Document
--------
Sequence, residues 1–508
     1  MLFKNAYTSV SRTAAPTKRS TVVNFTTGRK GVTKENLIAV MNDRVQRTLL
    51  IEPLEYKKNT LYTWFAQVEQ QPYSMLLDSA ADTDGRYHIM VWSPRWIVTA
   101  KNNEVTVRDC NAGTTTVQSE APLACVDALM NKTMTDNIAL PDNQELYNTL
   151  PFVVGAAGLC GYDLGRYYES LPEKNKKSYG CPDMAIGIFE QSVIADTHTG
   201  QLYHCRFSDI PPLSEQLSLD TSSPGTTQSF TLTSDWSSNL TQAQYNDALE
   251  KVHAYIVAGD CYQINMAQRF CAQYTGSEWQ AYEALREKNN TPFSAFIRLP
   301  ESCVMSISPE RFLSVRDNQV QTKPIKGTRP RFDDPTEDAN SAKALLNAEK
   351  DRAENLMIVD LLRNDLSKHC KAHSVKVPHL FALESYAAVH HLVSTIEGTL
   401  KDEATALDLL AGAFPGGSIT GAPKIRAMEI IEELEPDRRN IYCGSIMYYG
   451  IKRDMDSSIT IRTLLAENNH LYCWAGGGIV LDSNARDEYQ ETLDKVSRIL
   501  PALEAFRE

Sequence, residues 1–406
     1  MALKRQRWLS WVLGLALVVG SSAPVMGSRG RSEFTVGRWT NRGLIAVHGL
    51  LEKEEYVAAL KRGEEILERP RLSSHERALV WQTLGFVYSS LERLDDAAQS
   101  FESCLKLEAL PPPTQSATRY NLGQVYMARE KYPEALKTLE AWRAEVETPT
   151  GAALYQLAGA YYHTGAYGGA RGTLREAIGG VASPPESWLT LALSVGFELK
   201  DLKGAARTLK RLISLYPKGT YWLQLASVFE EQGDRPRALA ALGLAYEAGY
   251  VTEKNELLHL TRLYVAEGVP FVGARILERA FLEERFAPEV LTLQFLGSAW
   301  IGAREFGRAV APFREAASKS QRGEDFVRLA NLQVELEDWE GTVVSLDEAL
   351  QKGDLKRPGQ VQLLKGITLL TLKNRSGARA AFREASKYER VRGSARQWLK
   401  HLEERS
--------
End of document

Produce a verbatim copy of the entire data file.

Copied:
Sequence, residues 1–508
     1  MLFKNAYTSV SRTAAPTKRS TVVNFTTGRK GVTKENLIAV MNDRVQRTLL
    51  IEPLEYKKNT LYTWFAQVEQ QPYSMLLDSA ADTDGRYHIM VWSPRWIVTA
   101  KNNEVTVRDC NAGTTTVQSE APLACVDALM NKTMTDNIAL PDNQELYNTL
   151  PFVVGAAGLC GYDLGRYYES LPEKNKKSYG CPDMAIGIFE QSVIADTHTG
   201  QLYHCRFSDI PPLSEQLSLD TSSPGTTQSF TLTSDWSSNL TQAQYNDALE
   251  KVHAYIVAGD CYQINMAQRF CAQYTGSEWQ AYEALREKNN TPFSAFIRLP
   301  ESCVMSISPE RFLSVRDNQV QTKPIKGTRP RFDDPTEDAN SAKALLNAEK
   351  DRAENLMIVD LLRNDLSKHC KAHSVKVPHL FALESYAAVH HLVSTIEGTL
   401  KDEATALDLL AGAFPGGSIT GAPKIRAMEI IEELEPDRRN IYCGSIMYYG
   451  IKRDMDSSIT IRTLLAENNH LYCWAGGGIV LDSNARDEYQ ETLDKVSRIL
   501  PALEAFRE

Sequence, residues 1–406
     1  MALKRQRWLS WVLGLALVVG SSAPVMGSRG RSEFTVGRWT NRGLIAVHGL
    51  LEKEEYVAAL KRGEEILERP RLSSHERALV WQTLGFVYSS LERLDDAAQS
   101  FESCLKLEAL PPPTQSATRY NLGQVYMARE KYPEALKTLE AWRAEVETPT
   151  GAALYQLAGA YYHTGAYGGA RGTLREAIGG VASPPESWLT LALSVGFELK
   201  DLKGAARTLK RLISLYPKGT YWLQLASVFE EQGDRPRALA ALGLAYEAGY
   251  VTEKNELLHL TRLYVAEGVP FVGARILERA FLEERFAPEV LTLQFLGSAW
   301  IGAREFGRAV APFREAASKS QRGEDFVRLA NLQVELEDWE GTVVSLDEAL
   351  QKGDLKRPGQ VQLLKGITLL TLKNRSGARA AFREASKYER VRGSARQWLK
   401  HLEERS